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A luxury hotel’s relationship with a guest is a fragile and many splendored thing.
“Luxury is like love,” suggested luxury branding expert Dr. Daniel André Langer. “When we go for a luxury brand, it’s like falling in love. We are not deciding on rational points like functional value, but on a strong emotional connection.” Because of that, the founder of Équité, a luxury, lifestyle and consumer brand consultancy, said high-end brands have to understand the emotional nature of their appeal, first by defining it, and then by swooping in to woo the consumer.
Any relationship at the luxury level has to start with developing a distinct brand journey. In the hospitality world, said Langer, “most hotels provide us with a category journey, but nothing is brand-distinctive. All are giving me the same journey and brand names are interchangeable. When that happens, then customers have no reason to pay a premium.” In essence, the brand’s rooms become just another commodity.
So what’s a hotel company to do?
Langer said brands should be defining key attributes and then developing distinct brand journeys around them. “Ask what do we sell? What do we inspire? This is the most fundamental task,” said Langer. “Saying you sell ‘dreams and experience’ isn’t enough. All luxury brands do that. A brand needs to be specific about which dream it sells and which experience. It needs to be defined in every marketing detail, it has to be actionable for every staff member, and surely it has to do something different than what any other brand is doing. Then, no one else can replicate the brand.”
Once luxury brands develop a brand-distinct experience strategy, it has to design a customer journey that reflect the brand proposition at every touch point. That’s why proper staff training is essential. “Service must be based on the defined brand experience,” said Langer. “The staff must understand its role in bringing the brand positioning to life. If it doesn’t know its role, and if staff is not empowered, the whole effort will collapse.”
“The difference between an okay experience and a premium one is in the human factor. It’s making the customer feel special. It’s seamless service. It’s a conversation, knowing who the guest is. Absolute personalized service is what creates the luxury experience and this is what hotels don’t get right. They rely too much on design and a brand name and a loyalty brand, and they forget the most important thing–human interaction.”
That human interaction creates an emotional connection, which ideally, should be felt at every brand property. For example, Langer gave a shout out to Andaz Hotels by Hyatt. While locations may vary from city center to resort, Langer said the brand has created a customer journey that’s all about care and relaxation.
In particular, Langer cited that time he walked into the Andaz Tokyo, soaking wet from an unexpected downpour. The staff greeted him warmly by his name, told him not to worry about checking in and served him hot green tea. They even took pains to dry and clean his luggage. “It was that personal touch,” he said, “They knew who I was and they empathized. They took care of me.”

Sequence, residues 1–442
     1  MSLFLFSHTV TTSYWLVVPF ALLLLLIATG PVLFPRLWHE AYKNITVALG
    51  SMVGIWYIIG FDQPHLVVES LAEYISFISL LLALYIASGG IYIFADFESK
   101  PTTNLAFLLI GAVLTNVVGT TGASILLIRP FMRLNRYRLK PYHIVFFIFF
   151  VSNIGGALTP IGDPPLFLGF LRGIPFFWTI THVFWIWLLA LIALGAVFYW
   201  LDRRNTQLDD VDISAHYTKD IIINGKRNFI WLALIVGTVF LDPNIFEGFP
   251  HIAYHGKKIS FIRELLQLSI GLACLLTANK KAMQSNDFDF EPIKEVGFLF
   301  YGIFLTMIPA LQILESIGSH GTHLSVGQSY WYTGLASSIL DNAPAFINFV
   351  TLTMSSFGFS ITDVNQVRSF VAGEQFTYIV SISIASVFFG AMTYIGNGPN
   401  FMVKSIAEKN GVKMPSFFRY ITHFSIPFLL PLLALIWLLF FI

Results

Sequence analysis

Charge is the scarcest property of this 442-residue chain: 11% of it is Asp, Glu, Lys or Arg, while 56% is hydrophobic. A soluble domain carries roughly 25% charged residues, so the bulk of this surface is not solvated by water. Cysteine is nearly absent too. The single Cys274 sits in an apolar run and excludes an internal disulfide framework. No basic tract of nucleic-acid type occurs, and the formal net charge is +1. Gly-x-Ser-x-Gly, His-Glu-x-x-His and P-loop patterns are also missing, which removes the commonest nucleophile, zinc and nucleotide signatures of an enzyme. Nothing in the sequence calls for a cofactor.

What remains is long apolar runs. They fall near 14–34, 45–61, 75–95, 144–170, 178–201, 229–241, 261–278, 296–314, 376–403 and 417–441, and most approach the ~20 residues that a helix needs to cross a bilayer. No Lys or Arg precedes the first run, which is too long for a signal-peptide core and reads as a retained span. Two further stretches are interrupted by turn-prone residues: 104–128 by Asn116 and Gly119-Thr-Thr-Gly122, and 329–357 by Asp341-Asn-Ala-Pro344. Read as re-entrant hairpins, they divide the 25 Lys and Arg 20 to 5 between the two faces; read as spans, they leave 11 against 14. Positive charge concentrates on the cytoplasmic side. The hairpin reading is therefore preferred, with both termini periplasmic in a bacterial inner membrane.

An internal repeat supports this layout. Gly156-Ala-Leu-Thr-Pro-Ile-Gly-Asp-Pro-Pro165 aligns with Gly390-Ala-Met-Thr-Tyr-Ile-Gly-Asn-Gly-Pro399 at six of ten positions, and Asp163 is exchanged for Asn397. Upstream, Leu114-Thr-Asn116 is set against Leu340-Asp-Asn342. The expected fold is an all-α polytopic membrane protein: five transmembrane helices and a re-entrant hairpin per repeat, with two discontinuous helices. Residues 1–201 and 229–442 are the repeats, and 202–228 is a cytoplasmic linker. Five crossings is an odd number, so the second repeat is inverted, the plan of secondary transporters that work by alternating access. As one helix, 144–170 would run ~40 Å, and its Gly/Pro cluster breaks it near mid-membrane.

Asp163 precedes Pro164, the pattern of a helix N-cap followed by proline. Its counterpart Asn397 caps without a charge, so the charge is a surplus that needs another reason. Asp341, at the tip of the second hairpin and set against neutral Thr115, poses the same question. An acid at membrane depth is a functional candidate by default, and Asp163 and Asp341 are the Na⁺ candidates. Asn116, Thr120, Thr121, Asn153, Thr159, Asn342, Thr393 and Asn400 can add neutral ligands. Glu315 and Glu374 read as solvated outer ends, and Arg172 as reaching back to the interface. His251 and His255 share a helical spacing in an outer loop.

Having experienced similar service at Andaz properties from Scottsdale to London, Langer is a brand loyalist. Call it love.
Keeping the Spark
Just like a real life relationship, though, maintenance is required. “Once a brand has a love relationship with us, it’s up to brands to nurture, strengthen, and maintain that relationship,” said Langer. If it becomes routine, or a consumer feels taken for granted, “the relationship can easily cool off, and the customer will move on to another brand. Even worse, if customers feel they were cheated, they won’t leave silently. Instead, their love will turn to hate.”
What can cause the dramatic break-up? “All it takes is one negative touch point to damage a customer’s relationship with a brand,” said Langer. “That’s why training people is critical. Proper luxury training must include fundamental insights about luxury and make clear the role of each individual in providing the branded luxury proposition.” He compared the situation to an opera performance. “If we are listening to an opera, the people in the orchestra and on stage have to be in sync. If one musician is off-key, everything is ruined.”
A lack of brand-wide consistency can also nullify a relationship. If someone who is devoted to a particular brand while visiting New York City has a bad experience with that brand in another locale, he or she may decide to stay elsewhere during the next stay in the Big Apple. It’s a matter of one bad apple spoiling the whole bunch.
Why can this happen? “A dramatic breakdown in experience within the same brand can be one of the weaknesses when hotel groups in the luxury space try to grow quite fast. My suspicion is they are not training sharp enough…especially compared to first locations.”
Consumers at the luxury level are likely to have stronger emotional reactions to subpar situations than the average due to their high expectations and the amount of money invested. “If someone makes me pay $300,000 for a car or $1,000 a night for a hotel room, and then I feel neglected, I am not just going to have a neutral response. Maybe the customer is willing to forgive one or two things, but after that, they don’t come back.”